Back 4 Blood beta first impressions
Is Back 4 Blood leaving Left 4 Dead for dead? Not quite, but, after playing the B4B beta, we wouldn’t want it any other way.
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Like a baseball bat arcing through a zombie’s skull, the Back 4 Blood early access beta is in full swing. Naturally, we’re already sampled a lot of what Turtle Rocks’s undead shooter has to offer in these early hours and so thought we’d offer up our early impressions.
Essentially they are this: As we suspected all along, it’s Left 4 Dead 2 with cards, pretty much.
More Left 4 Dead is a good thing
On the plus side, Back 4 Blood does very much feel like the continuation of the Left 4 Dead line in all but name. The characters seem a little blander, but there are more of them and we’ve yet to really attach ourselves to any of them, so that’s probably to be expected. Likewise B4B’s undead are cut very much from the same L4D cloth as the Cleaners, with many of the Ridden looking and feeling like they wandered in from the Left 4 Dead 2 set by mistake. This is no bad thing, given that the L4D games were perfectly cast on both sides of the mortal divide.
The range of gameplay is pretty much the same, too. Four player PvE campaign missions, divided into convenient acts, supplemented by eight player PvP where one team controls the star players among the undead horde. The maps feel broader and more open, which is both welcome and expected, as well as more heavily populated, which we suspect is to the cost of L4D’s intimacy, but again this could be down to us being far less familiar with the beta than we are with the games that inspired it.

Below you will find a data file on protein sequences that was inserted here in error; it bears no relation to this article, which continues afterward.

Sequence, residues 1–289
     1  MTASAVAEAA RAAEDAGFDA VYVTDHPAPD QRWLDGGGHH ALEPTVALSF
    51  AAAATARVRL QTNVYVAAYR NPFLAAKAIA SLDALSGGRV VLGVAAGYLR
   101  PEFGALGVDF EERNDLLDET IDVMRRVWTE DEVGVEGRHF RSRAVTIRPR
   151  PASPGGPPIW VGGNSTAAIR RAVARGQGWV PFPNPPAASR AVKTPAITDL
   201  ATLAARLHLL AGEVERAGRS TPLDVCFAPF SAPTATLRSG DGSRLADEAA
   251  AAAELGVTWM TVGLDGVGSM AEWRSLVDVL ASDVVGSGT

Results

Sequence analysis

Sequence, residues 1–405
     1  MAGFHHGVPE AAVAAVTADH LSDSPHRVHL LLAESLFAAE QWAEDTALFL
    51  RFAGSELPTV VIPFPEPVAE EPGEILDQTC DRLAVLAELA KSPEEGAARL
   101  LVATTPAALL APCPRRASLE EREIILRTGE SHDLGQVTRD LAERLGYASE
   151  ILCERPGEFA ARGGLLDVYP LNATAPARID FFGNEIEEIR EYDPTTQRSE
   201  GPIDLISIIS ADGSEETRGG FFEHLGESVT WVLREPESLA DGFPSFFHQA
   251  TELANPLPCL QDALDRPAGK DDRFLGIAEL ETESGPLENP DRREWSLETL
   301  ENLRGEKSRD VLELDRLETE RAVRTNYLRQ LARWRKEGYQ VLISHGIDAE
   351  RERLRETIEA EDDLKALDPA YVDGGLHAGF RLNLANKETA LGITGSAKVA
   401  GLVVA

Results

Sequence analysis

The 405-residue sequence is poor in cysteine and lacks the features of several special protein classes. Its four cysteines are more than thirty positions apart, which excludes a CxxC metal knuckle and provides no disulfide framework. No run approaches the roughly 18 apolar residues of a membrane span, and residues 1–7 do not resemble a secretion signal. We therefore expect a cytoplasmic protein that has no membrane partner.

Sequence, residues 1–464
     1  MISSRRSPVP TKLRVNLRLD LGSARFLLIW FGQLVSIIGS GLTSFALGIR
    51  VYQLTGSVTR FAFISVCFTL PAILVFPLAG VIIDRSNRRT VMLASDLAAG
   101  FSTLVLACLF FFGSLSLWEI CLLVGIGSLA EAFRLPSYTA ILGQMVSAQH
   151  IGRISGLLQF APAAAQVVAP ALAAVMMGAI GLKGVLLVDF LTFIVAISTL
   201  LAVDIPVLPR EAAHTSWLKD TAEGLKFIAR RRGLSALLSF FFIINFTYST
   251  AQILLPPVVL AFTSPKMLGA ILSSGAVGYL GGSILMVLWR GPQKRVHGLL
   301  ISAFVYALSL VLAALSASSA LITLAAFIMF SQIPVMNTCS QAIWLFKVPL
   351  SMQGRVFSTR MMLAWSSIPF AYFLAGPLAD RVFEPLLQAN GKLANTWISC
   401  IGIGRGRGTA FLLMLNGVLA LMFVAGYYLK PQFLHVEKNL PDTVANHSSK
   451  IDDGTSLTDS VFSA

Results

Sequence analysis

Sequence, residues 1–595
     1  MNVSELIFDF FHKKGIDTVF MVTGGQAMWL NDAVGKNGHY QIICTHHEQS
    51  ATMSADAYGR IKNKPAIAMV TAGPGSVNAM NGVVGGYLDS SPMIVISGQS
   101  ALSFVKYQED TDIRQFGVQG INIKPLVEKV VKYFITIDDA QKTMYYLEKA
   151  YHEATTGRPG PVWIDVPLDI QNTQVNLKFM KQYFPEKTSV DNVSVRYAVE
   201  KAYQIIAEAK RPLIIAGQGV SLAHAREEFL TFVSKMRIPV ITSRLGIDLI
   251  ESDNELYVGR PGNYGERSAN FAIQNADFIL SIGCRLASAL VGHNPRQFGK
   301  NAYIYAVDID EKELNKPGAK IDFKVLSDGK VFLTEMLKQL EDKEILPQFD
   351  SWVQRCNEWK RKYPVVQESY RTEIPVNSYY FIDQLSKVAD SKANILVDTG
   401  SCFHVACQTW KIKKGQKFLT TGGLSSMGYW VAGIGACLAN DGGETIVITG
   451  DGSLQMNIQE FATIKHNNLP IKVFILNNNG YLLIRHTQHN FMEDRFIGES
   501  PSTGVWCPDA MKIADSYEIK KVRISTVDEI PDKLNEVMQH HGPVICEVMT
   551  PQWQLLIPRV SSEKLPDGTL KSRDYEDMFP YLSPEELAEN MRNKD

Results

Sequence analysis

We’re yet to settle on our favourite weapons, but the gunplay is generally very promising and solid across the board. The lighter SMGs have a pleasing fizz about them, the handguns are punchy and the oh-so-important shotguns have that gait that is so important to a shooter. Nothing feels sluggish or overly floaty (to use the technical term), and every weapon looks to have its niche. Naturally we’re inclined to suggest some tweaks need to be made to make each feel balanced, especially in PvP, but again, that could be down to a lack of time on the game.
Back 4 Blood’s cards on the table
The big difference between Back 4 Blood and the Left 4 Dead games is the aforementioned card deck system, which is something we are less impressed by. The majority of us on Gaming Verdict have a natural aversion to card systems in shooters anyway (hello Titanfall Burn Cards), and Turtle Rock’s attempt to shoehorn in a system that should be left to card games does little to assuage our fears that it’s another misplaced gameplay system that we might never come around to. But, again, it’s early days and maybe the devs might make the immersion-breaking mutator collect ‘em up system optional rather than mandatory. We live in hope.
Generally though, Back 4 Blood is allowing us to relive some happy memories from many, many tense hours playing Left 4 Dead and it’s sequel. Whether the deck system is enough to lift the game above its spiritual predecessor, or it holds it back to the point that we might instead return to something more enticing is too early to say. But, we’re prepared to give Turtle Rock the benefit of the doubt and plough ahead. If our Back 4 Blood impressions change over the coming days, we’ll let you know.